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Cabinets of curiosities, also sometimes referred to as “wonder rooms,” were small collections of extraordinary objects, strange and often fanciful precursors of today’s museums, which attempted to categorize and explain oddities of the natural world.  We’ll hear three examples of musical equivalents: Dmitri Tymoczko's “Typecase Treasury,” Michael Colina’s Violin Concerto “Three Cabinets of Wonder,” and a selection from Robert Moran’s “Cabinet of Curiosities.”  Satisfy your curiosity, this Sunday at 10 pm. 

Elvida is one of Gaetano Donizetti's long neglected operas. (He  wrote seventy or so operas, and if some of them were not neglected, we would hear almost nothing but Donizetti's operas.) Some critics think that his early Elvida has earned its obscurity. According to one, for example, it's often light music does not match the dark plot of the heroine held hostage, thrown into a dungeon, and saved from being murdered at the last minute possible.

Host: Dr. Amanda Quist

It's the music of Guillaume Machaut on Friday's Distant Mirror with a selection of rondos, ballades and virelai  performed by Fortune's Wheel from their cd Pastourelle: The Art of Machaut and the Trouveres. Then Matthew Brook sings/recites  Machaut's "Le Layde bonne esperance" from Le Voir Dit.  Join Allan Kelly at 10 pm. 

Take flight with music from movies about airports and airplanes, including “The V.I.P.s” (Miklos Rozsa), “The Terminal” (John Williams), “Airport” (Alfred Newman), and “North by Northwest” (Bernard Herrmann).  Join us for departure this Friday at 6 pm.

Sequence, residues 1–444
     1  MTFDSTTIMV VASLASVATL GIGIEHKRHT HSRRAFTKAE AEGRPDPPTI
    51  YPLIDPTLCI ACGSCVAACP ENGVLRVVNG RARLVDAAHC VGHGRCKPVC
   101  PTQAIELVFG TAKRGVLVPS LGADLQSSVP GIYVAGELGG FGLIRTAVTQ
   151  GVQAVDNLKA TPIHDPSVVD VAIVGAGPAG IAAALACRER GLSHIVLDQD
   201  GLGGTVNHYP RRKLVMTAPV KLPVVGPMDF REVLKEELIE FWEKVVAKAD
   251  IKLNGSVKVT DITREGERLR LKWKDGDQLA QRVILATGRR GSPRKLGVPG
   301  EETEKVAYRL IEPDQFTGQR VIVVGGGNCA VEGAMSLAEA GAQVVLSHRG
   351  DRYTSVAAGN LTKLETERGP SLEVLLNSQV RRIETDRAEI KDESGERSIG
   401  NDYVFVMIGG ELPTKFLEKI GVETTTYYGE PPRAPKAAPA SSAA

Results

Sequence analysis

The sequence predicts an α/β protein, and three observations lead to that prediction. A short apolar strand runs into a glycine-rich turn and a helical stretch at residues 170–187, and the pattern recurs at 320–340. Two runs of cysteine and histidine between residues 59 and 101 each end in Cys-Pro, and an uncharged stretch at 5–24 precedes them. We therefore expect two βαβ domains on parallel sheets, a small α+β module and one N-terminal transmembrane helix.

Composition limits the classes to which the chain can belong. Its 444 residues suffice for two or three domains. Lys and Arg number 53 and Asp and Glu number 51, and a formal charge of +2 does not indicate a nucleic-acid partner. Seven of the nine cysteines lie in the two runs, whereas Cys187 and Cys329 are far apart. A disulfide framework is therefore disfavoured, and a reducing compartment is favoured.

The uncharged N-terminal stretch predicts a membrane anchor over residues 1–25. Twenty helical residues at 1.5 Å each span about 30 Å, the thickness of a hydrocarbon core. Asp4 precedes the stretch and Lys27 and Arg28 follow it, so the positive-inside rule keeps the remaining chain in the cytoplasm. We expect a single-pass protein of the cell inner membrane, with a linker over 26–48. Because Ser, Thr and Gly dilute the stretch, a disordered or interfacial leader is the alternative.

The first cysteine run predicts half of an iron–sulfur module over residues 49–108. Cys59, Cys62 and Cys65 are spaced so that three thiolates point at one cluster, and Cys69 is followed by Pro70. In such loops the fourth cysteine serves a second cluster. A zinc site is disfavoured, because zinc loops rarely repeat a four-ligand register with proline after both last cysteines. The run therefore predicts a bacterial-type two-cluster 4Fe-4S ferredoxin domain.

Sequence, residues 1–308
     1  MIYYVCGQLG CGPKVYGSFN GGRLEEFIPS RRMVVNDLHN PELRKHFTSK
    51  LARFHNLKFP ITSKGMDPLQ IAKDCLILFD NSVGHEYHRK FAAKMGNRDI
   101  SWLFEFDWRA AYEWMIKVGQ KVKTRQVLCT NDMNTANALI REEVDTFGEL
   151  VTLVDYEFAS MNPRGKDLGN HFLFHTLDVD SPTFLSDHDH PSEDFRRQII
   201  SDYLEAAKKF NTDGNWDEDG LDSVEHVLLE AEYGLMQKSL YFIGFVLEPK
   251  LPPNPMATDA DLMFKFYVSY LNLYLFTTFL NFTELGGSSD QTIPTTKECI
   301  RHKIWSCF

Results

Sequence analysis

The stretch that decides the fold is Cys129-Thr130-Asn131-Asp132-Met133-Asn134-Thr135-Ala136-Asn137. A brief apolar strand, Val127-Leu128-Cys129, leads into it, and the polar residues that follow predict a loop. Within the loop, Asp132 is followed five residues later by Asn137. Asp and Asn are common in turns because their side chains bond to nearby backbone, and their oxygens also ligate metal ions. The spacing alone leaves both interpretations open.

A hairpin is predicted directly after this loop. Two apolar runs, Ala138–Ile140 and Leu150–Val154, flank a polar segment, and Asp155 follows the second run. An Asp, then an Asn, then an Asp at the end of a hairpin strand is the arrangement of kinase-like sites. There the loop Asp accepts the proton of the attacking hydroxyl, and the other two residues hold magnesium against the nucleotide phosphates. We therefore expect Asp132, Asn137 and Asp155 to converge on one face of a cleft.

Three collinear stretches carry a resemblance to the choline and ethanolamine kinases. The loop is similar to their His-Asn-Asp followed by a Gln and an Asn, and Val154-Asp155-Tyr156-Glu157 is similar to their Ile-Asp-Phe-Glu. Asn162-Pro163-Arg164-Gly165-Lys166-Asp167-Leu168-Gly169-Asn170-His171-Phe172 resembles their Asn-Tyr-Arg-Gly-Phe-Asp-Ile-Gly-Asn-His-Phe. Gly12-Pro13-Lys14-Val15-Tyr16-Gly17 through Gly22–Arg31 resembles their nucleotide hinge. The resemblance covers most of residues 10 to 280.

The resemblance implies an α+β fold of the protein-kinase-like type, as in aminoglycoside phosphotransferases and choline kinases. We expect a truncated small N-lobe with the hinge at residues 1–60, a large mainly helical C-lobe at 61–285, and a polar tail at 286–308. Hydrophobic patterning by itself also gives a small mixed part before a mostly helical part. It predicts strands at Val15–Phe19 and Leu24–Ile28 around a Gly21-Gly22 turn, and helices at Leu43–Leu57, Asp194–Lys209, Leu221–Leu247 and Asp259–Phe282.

Wednesday (1-10) at noon on Curtis Calls we'll hear Curtis students Joshua Halpern, cello & Ying Li, piano in Mendelssohn's Sonata No. 2.  Brandon Garbot, Grace Clifford, En-Chi Cheng & Timotheos Petrin play Bartók's 2nd String Quartet.  Performances from student recitals at the Curtis Institute of Music, Wednesdays at noon, repeated the folowing Monday evening at 10. 

This month on the ASCAP Deems Taylor/Virgil Thomson Award winning program Between the Keys, The Classical Network's Artist-in-Residence Jed Distler presents five programs devoted Beethoven's last five piano sonatas. Join him on Tuesday night January 9th at 10:00 as he explores Piano Sonata No. 29 in B-flat Major Op. 106, the mighty "Hammerklavier," a work that challenges performers and audiences alike. 

Distler discusses the work, followed by a recording he considers to be one of the finest versions of Op. 106 ever made, a rare 1986 release with pianist Peter Serkin.